Maryland’s two Democratic senators, Chris Van Hollen and Ben Cardin, stood outside a Postal Service building in Baltimore on Monday demanding the majority leader call back the Senate so they could work to reverse the changes. Both said they had received calls from constituents who said they hadn’t received their medications or Social Security checks. Van Hollen called it a “deliberate effort” by DeJoy to undermine voting by mail.

DeJoy and Trump have both maintained the changes at the Postal Service are made to address the major financial issues faced by the agency.

“I also want to have a post office that runs without losing billions and billions of dollars a year,” Trump told reporters Monday

The Postal Service said earlier this month that it had lost $2.2 billion between April and June, as the cash-strapped federal agency continued to be hit hard by the coronavirus pandemic. Between 2007 and 2019, the agency lost about $78 billion because of declining mail volumes and growing personnel costs, according to a Government Accountability Office study.

But the shortfall, according to experts, is partially caused by a 2006 congressional mandate pushed by Sen. Susan Collins, R-Maine, that requires the agency to prepay health and retirement benefits for the next 75 years.

"This includes postal service employees who are not yet hired, many of whom are not yet born," said James O’Rourke, professor of management at the University of Notre Dame’s Mendoza College of Business. "No other federal agency or private corporation has been saddled with that kind of prefunding mandate. It is roughly $6.5 billion a year and it’s growing."

O'Rourke said the Postal Service faces $161 billion of debt, but they could do away with $120 billion by lifting the mandate and authorizing the use of the funds.

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Meanwhile, the Trump administration and Congress still cannot find common ground over $25 billion slated to go to aiding the Postal Service as it struggles with COVID-19. Trump has previously threatened to hold up the funding until the pushes for mail-in voting are abandoned but recently walked back his threat of vetoing the funds.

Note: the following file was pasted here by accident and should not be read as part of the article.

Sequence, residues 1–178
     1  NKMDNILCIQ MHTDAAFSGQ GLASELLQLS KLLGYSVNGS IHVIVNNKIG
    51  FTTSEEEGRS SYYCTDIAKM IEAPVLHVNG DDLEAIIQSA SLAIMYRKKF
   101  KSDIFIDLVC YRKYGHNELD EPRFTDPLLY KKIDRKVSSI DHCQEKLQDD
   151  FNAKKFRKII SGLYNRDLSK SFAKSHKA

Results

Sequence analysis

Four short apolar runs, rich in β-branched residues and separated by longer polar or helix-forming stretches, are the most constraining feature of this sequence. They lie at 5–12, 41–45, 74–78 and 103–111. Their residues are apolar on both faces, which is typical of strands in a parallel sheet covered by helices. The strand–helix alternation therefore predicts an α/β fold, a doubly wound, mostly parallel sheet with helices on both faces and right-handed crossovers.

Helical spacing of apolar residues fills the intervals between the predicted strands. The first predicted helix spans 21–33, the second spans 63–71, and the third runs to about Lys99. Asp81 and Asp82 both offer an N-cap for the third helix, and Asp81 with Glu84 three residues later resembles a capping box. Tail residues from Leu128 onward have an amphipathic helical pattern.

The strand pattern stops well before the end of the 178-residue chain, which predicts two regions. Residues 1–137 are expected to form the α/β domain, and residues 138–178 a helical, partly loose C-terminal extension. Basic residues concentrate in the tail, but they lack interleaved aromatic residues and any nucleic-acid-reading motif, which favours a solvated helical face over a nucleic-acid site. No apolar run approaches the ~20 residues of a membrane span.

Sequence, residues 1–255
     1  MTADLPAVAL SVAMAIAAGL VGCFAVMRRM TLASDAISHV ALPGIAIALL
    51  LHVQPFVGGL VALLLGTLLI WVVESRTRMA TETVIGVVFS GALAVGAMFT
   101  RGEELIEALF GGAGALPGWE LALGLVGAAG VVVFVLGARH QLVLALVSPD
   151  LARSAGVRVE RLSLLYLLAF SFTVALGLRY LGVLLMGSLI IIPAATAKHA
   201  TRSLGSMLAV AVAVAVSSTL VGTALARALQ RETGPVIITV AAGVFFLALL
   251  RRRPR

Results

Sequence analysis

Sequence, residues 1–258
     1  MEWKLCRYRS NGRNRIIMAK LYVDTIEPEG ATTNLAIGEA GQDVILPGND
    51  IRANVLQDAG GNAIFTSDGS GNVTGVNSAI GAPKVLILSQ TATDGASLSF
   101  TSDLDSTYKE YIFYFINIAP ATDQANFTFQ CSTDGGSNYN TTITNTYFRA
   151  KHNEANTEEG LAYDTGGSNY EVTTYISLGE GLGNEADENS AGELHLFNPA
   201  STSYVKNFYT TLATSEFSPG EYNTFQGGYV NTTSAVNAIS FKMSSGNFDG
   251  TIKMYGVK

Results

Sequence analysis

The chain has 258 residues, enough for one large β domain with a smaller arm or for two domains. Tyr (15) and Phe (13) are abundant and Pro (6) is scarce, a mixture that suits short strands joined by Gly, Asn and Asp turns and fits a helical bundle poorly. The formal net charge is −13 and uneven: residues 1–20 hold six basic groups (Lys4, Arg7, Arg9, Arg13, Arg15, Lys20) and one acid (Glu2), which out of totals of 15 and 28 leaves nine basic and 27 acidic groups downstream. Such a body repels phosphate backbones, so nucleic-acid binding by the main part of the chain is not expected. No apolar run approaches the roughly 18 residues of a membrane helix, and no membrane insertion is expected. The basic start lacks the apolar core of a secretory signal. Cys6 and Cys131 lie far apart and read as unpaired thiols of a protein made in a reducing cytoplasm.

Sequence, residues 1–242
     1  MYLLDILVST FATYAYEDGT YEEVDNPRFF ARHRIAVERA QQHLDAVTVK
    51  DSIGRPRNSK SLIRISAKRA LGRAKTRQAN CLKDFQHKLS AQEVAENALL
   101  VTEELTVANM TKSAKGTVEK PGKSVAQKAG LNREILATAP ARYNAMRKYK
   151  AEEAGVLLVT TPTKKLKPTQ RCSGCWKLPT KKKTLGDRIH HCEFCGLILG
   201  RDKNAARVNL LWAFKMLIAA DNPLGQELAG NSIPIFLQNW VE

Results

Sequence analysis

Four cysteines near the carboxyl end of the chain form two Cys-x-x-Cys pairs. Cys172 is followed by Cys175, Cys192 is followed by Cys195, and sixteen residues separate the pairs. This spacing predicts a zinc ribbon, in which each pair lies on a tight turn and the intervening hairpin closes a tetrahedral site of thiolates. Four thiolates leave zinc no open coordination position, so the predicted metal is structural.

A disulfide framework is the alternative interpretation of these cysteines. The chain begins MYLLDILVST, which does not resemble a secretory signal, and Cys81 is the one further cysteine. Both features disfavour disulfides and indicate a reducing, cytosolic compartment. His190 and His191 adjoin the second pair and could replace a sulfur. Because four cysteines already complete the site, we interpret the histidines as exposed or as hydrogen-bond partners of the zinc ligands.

Trump said Thursday that holding up the emergency funding would ensure that the federal agency would be unable to “take all of these millions and millions of ballots.”

“Now, if we don't make a deal, that means they don't get the money," he said. "That means they can't have universal mail-in voting. They just can't have it.”

The president has often claimed without evidence that mail-in voting could lead to fraud, though he does not make the same accusation of absentee voting, which is how he has cast his ballot in the past. Trump tweeted another unsupported claim of voter fraud Monday.

Postal workers, meanwhile, say the agency needs the coronavirus aid money now more than ever, but they said their major concern remains DeJoy’s policy to reduce overtime hours and cut the number of trips carriers can take to deliver Americans’ mail.

Anthony Wilson, the state president of the North Carolina Council of the American Postal Workers Union, noted that veterans’ medications, Social Security checks and even the COVID-19 stimulus checks were delivered by mail. He said the Postal Service previously fired workers for delaying the mail, but DeJoy’s actions essentially encourage it and function as “an attempt to suppress our voting rights.”

“The [postmaster general] is purposely delaying the mail, which is against everything the postal service stands for in our job supplying a service to each and every citizen of this Country,” Wilson said in an email.

Rebecca Shabad contributed.